New York could face 'political earthquake' come Election Day
With Election Day right around the corner, what might we expect to see once the polls close? Grant Reeher, director of the Campbell Public Affairs Institute at Syracuse University, said the momentum during the midterms has moved behind Republican candidates.
"I'm reasonably certain in saying the Republicans are going to take back the House of Representatives," Reeher said. "I even think they've got a real shot at taking back the Senate as well, and then that just creates really deep complications for how the Democrats approach the presidential election in 2024."
Reeher said one race to watch closely is New York's 22nd Congressional District, saying this area of upstate New York is often considered a bellwether for the nation. He said on paper Democratic candidate Francis Conole should win, yet some polls show Republican Brandon Williams as the favored candidate.
"If you look at the way the district was redrawn, if you look at the spending, if you look at the ideological makeup of the two candidates and how they fit against the district, it really on paper would be surprising for [Williams] to win," Reeher said. "If he goes on and maintains this lead that he's got and wins, whether it's by a small margin or by a more comfortable margin. I think that's going to be a really big story for this area and for the country."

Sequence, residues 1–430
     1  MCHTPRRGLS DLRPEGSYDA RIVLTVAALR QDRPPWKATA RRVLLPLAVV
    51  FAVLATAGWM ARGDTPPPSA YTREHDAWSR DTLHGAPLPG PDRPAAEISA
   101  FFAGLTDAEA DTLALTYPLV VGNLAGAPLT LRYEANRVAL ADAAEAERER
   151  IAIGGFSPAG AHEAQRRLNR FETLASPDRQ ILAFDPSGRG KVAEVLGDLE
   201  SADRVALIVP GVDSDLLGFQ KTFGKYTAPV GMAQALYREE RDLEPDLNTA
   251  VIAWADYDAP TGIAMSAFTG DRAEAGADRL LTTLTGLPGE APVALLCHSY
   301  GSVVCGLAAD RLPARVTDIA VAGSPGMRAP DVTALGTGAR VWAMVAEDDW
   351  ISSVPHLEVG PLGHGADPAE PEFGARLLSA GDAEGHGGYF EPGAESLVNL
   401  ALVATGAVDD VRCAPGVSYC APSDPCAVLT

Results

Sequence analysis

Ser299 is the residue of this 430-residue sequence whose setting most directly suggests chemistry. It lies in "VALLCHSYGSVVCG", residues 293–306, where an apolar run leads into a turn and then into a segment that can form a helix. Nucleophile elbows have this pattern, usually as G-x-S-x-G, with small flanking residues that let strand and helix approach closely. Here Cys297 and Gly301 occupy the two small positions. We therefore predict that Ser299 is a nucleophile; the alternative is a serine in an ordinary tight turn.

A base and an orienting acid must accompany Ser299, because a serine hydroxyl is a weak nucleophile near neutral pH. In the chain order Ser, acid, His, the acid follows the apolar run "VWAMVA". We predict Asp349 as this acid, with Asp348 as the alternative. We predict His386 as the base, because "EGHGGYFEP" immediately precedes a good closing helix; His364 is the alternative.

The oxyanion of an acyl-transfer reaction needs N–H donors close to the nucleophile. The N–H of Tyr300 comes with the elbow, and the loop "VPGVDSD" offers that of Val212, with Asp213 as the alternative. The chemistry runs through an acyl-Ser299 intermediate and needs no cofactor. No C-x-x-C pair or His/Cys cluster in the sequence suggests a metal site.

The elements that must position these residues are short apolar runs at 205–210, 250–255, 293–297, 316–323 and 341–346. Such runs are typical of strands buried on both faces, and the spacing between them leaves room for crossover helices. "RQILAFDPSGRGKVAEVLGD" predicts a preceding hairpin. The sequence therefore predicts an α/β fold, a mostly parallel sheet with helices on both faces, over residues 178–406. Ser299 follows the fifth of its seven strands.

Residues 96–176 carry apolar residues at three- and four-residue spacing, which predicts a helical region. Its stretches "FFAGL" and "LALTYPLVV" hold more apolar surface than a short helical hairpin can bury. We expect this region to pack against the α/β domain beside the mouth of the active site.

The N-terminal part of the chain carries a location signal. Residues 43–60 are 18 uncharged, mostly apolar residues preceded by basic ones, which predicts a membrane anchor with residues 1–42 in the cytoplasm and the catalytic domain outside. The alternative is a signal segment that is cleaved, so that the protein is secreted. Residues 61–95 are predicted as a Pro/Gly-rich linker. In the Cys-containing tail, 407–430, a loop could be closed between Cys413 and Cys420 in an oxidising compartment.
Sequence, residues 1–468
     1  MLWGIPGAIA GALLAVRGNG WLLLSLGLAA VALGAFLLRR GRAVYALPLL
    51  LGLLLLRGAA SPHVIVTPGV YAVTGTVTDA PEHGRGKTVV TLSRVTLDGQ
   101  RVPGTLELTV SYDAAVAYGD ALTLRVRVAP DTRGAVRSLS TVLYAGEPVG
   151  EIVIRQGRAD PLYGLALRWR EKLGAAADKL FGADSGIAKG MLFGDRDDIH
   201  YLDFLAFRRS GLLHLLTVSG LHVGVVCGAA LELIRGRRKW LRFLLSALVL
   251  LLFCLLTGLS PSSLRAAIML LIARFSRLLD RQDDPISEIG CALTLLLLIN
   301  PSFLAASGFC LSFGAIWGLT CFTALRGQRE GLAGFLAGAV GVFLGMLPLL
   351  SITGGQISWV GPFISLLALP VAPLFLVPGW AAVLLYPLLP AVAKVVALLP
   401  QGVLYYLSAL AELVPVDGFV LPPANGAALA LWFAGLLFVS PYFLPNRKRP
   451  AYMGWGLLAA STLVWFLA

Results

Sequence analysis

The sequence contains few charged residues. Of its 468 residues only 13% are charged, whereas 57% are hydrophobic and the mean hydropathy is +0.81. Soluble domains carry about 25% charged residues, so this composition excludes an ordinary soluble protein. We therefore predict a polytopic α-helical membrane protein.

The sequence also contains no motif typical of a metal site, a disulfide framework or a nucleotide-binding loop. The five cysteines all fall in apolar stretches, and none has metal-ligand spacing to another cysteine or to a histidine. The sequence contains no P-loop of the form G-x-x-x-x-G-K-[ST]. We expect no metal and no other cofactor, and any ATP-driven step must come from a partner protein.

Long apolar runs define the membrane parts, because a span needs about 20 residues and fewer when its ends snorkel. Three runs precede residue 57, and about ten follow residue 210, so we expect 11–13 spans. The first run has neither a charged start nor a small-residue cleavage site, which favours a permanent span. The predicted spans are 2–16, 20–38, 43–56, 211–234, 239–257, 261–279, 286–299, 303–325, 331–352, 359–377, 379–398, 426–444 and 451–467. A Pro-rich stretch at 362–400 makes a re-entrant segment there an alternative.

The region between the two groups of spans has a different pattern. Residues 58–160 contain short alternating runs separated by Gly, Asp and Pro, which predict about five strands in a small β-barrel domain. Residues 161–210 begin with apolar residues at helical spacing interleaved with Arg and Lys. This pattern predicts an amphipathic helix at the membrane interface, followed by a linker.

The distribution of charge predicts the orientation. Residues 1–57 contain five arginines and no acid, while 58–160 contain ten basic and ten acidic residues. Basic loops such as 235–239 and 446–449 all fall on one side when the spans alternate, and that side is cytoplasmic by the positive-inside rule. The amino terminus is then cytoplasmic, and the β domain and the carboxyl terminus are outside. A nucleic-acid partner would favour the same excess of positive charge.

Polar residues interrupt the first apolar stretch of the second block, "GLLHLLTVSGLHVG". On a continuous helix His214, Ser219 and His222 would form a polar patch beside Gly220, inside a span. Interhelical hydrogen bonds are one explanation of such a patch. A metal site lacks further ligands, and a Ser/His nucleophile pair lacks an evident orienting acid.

Another race Reeher said to watch is the governor's race as polls show it tightening. He said if you looked at the race six months ago, you would have thought it would be pretty tough for Governor Kathy Hochul to lose against an opponent like Rep. Lee Zeldin (R-Long Island).
"If Lee Zeldin were to beat Kathy Hochul, that would be basically a political earthquake in the state of New York," Reeher said. "That would change the whole complexion of how the state's politics are going to go in the next four years."
A poll released in mid-October out of Quinnipiac University showed Hochul leading Zeldin 50 - 46 percent.
"I think the Republicans are going to overperform relative to what the expectations were at least a few weeks ago," Reeher said.
Reeher said Democrats have tried to push messaging like a vote for a Democrat is a vote in favor of democracy as well as social policies like abortion access, but those issues may not have enough sway with independent voters.
"It's looking like it may be rather the economy and worries about the economy and concerns that the Democrats are the better party to be managing the economy, which may be the thing that is resonating more with those independents. And if that's the case, I think the Democrats could be in for a long night on election night."